Everyone in the company goes through, effectively, an A-level in banking now, that’s one of the things you do in your first month or two at Monzo, and then a bunch of specialist training on treating customers fairly and financial crime, and all sorts, so that these people have the authority and the know-how, and the specialism, to be able to make the decision. And I guess, sort of, not punishing failure. That sounds weird, but allowing people to take fast, small decisions, and if one or two go wrong, if they can be corrected and rectified, actually that’s a better outcome than spending six months making a really big decision where you don’t know the outcome. So moving pretty quickly, taking small steps, so a couple of stumbles aren’t fatal.
We use these microservices where you can update separate bits of code, you can deploy certain features to only a subset of your customers. So, you know, yesterday, for example, we pushed out a spending report. It was, sort of, a new trial. We pushed it out to 1,000 people first, and it was broken, right? It said February, not January. But no one-, a couple of people noticed because they were in that 1,000, and we turned it off and we went back, rewrote the code, redeployed it, tested it again. It was like, “Okay, this works now, now let’s roll it out to 100,000.” So you can do these kind of stage releases, so that the risk of it going wrong is very low, and the first 1,000 people are kind of opted in to be guinea pigs.
Is this a pace you can keep?
We’ve slowed down because we’re going through launching the current account, and there’s just a lot of work you have to do upfront with a big regulatory barrier, getting our restrictions lifted, We’re trialing internally faster payments and direct debits and all that great stuff, and seeing how we can add the Monzo-like delightful polish to a direct debit. And it is possible, but we can’t roll that out yet, because of the regulations. So by growing the team a bit, by decoupling them and, sort of, getting that regulatory barrier lifted, I’d hope we’ll actually be able to move faster again.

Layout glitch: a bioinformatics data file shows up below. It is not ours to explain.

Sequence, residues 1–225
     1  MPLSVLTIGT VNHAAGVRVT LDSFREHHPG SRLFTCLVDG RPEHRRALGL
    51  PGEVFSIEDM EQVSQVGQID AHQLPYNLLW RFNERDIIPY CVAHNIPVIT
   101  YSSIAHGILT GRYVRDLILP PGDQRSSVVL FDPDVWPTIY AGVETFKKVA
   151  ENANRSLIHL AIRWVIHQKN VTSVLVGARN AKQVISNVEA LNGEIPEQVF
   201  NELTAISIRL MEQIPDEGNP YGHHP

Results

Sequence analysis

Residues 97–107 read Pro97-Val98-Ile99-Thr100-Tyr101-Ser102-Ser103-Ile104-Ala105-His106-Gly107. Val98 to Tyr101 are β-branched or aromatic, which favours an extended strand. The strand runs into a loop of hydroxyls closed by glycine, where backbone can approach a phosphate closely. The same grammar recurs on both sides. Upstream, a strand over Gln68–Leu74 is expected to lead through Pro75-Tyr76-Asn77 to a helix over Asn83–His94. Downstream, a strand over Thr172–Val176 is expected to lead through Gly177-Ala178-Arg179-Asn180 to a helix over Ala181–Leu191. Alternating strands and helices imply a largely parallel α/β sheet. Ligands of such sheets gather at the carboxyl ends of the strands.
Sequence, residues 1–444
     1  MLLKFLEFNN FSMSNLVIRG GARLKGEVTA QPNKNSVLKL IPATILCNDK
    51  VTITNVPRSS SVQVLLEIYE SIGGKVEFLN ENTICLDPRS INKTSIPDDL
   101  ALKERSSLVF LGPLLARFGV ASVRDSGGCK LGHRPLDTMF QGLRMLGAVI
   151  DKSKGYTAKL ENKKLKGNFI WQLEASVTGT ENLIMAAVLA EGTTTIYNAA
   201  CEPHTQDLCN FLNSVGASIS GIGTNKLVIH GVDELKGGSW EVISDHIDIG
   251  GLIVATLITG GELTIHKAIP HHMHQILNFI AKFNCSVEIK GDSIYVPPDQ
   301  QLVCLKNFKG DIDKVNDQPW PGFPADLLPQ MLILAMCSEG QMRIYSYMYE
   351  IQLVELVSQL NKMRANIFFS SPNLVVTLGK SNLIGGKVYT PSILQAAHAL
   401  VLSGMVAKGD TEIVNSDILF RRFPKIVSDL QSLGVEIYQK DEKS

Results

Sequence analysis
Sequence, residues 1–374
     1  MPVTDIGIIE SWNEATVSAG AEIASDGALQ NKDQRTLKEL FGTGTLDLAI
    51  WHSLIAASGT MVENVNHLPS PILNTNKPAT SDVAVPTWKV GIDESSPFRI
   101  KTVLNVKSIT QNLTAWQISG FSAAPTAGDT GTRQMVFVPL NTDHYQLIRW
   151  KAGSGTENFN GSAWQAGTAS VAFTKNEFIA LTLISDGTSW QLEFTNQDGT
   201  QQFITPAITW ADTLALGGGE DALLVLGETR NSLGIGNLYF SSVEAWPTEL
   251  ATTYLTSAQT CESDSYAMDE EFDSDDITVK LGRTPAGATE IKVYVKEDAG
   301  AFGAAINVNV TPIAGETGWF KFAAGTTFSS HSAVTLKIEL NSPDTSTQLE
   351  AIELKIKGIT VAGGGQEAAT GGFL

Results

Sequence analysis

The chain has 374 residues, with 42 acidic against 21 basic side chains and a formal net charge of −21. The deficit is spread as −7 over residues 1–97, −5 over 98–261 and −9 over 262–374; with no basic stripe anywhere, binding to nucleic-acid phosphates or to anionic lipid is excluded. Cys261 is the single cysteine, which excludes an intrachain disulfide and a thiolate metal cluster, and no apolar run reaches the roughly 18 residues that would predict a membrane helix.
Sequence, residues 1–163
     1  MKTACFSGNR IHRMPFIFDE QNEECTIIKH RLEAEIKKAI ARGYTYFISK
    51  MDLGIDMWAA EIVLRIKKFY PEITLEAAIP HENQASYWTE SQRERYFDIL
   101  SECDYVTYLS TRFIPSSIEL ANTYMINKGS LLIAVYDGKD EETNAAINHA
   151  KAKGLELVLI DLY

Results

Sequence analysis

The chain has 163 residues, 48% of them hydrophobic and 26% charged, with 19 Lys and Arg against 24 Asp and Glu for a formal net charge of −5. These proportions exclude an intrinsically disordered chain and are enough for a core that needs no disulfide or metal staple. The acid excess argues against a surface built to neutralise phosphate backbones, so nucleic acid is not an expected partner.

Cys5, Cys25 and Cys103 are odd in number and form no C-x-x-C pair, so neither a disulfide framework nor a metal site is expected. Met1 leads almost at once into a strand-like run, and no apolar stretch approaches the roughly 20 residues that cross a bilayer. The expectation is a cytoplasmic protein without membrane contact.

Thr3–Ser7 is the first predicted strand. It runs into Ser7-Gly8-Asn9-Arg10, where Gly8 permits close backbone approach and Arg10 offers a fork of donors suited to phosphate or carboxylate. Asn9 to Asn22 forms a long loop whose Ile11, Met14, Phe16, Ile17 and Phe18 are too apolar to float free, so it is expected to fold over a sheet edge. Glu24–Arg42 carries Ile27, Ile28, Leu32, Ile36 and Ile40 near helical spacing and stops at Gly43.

Another thing that we have done quite well, but I’d like to improve a lot, is giving visibility into our design process. So we have a community forum which is incredibly heavily trafficked by about 5% of our user base. And Hugo, our Head of Design, is on there a lot, and Tristan, who writes all our great copy, spend a lot of their time there. And Hugo posts sneak peaks of new features which are incredible. You can actually, sort of, explore these designs and these prototypes and comment and feed back, and say, “I don’t like that, or that,” and it really does change how the product is built. I’d like to bring those sneak peaks more fully into the app, so that if you’re not a hardcore power user who goes to the forum, you still see that process.
We’ve got three or four new banks coming into the market. Who’s going to win, and where are we going to go?
I think the two can co-exist. So I’ll take Atom and us. I think actually, there are very real synergies. I think Atom, as you say, are taking the, kind of, balance sheet heavy, get the cost structure low and, sort of, lend-, take deposits in and lend out, and make sure you can get your NIM, and just do it at a much, much lower cost of servicing than the big banks. I think we’re going the total opposite approach, which is very balance sheet light, which is all about data identity, and those two plug in really, really nicely. It’s hard to see where-, or it’s hard to say now where Tandem, or someone like Starling, are going to end up, without having seen a product, so I’m looking forward to having a play, but I think that kind of marketplace model supports a range of challenges.